Hélène Cattet & Bruno Forzani – L’étrange couleur des larmes de ton corps AKA The Strange Colour Of Your Body’s Tears (2013)

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Some movies are watched. “The Strange Color Of Your Body’s Tears” is a movie you live inside. This new film from directors Helene Cattet and Bruno Forzani touches you repeatedly, inappropriately, from the front and, delightfully, from the rear. To synopsize the film is folly, though it will be fun to see viewers try. This is the magic that Cattet and Forzani have weaved from their debut effort “Amer,” a hypnotic trip down the giallo rabbit hole. Very few filmmakers today are working with a radical new vocabulary, but Cattet and Forzani are using genre of the past to toss us, shouting, into the future. Continue reading

Helene Cattet and Bruno Forzani – Amer [+Extras] (2009)

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from link

Amer moves relentlessly and dissonantly, and practically sans dialogue. In a gorgeous Italian manse, curiosity threatens to get the better of young Ana, tormented by the unknowable and what it reveals—or doesn’t, as is the case much of the time here. Running from the clutches of the strange woman who catches her hovering over the body of the dead man who appears to be the girl’s grandfather, she runs upstairs to her parents only to find them fucking. The camera shows them every way but upside down, bathed in green, then red, then blue—a show of grossly horned-up excitement meant to be absorbed like a blunt-force trauma. And once Ana has dutifully internalized their freakish sexcapade (her wide eyes tell no lies), it’s back to avoiding the perpetually leering gaze—and sinister clawing—of the woman who lives in the room adjacent to her sparely furnished own. Will the pocket watch she pulls from her grandfather’s brittle clutches save her or will her veiled tormentress simply use it as a means of dragging her to hell? Continue reading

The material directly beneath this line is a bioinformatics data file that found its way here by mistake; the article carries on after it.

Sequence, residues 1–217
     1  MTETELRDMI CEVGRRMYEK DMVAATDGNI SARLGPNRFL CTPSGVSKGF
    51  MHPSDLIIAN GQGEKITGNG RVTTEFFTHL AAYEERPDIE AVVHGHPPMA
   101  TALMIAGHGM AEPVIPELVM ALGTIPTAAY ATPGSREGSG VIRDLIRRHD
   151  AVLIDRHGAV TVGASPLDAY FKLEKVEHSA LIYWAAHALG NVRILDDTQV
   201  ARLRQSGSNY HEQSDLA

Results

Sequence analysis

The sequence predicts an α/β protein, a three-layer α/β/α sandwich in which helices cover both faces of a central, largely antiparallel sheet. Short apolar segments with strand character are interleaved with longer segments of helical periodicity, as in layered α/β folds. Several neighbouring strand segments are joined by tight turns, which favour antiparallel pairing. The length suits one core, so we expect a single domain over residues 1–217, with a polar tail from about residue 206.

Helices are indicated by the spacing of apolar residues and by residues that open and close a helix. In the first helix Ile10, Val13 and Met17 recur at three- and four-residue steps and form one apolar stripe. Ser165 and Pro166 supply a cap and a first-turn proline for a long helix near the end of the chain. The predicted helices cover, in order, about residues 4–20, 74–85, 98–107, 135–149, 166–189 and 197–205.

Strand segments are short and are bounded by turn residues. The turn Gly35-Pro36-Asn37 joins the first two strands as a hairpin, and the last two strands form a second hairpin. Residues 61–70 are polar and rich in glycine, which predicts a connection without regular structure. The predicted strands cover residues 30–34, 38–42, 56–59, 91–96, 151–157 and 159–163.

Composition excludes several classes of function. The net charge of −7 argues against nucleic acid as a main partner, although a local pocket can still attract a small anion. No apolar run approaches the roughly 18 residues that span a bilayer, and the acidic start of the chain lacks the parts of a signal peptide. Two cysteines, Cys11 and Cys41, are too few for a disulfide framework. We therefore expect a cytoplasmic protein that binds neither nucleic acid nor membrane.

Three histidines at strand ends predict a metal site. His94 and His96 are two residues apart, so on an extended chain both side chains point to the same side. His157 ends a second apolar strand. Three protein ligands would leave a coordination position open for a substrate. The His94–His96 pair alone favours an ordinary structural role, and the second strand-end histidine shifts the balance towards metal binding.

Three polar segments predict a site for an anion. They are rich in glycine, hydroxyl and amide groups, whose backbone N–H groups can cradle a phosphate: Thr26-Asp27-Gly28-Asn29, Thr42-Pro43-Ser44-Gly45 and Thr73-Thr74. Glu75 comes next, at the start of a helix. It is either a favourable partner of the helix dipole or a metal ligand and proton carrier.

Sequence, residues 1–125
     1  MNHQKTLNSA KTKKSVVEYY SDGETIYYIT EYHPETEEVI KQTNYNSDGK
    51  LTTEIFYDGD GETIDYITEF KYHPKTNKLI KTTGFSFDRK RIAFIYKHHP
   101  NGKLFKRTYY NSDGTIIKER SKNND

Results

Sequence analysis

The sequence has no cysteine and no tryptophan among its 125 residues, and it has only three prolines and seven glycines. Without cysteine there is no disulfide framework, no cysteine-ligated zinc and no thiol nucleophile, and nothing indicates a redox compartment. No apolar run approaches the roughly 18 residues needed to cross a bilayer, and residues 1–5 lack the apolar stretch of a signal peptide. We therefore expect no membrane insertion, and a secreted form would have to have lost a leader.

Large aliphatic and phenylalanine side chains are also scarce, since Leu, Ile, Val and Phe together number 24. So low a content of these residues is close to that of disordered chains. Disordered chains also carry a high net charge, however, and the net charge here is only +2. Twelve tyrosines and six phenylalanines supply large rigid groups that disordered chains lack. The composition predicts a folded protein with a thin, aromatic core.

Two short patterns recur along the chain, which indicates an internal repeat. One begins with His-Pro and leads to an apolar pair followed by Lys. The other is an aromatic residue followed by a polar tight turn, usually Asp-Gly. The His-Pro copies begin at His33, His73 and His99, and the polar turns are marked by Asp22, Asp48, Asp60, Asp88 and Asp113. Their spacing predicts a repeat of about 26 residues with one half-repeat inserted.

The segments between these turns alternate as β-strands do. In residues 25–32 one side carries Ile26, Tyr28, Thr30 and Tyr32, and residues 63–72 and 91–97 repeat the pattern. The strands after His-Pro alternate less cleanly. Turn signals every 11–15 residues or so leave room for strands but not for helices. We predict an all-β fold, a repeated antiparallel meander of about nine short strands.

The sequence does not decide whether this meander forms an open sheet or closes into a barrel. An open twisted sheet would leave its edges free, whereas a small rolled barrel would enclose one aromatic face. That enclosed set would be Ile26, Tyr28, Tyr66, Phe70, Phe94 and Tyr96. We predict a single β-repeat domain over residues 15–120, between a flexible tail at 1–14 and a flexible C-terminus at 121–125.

Hélène Cattet & Bruno Forzani – Chambre jaune (2002)

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The Giallo film reinvented as an experimental S&M-tinged fever dream, told through a combination of color-gelled cinematography and jump-cut photographs, infused with dark sensuality and perverse cruelty. The short films of the directors of Amer are technically rawer than that film, but they show what was to come in terms of themes based on giallo films and an abstract style, from the use of still frames like in Chris Marker’s La Jetee to harsh coloured lighting. They are worth seeing by themselves as a refining of their ideas into a fantastic debut feature film. Continue reading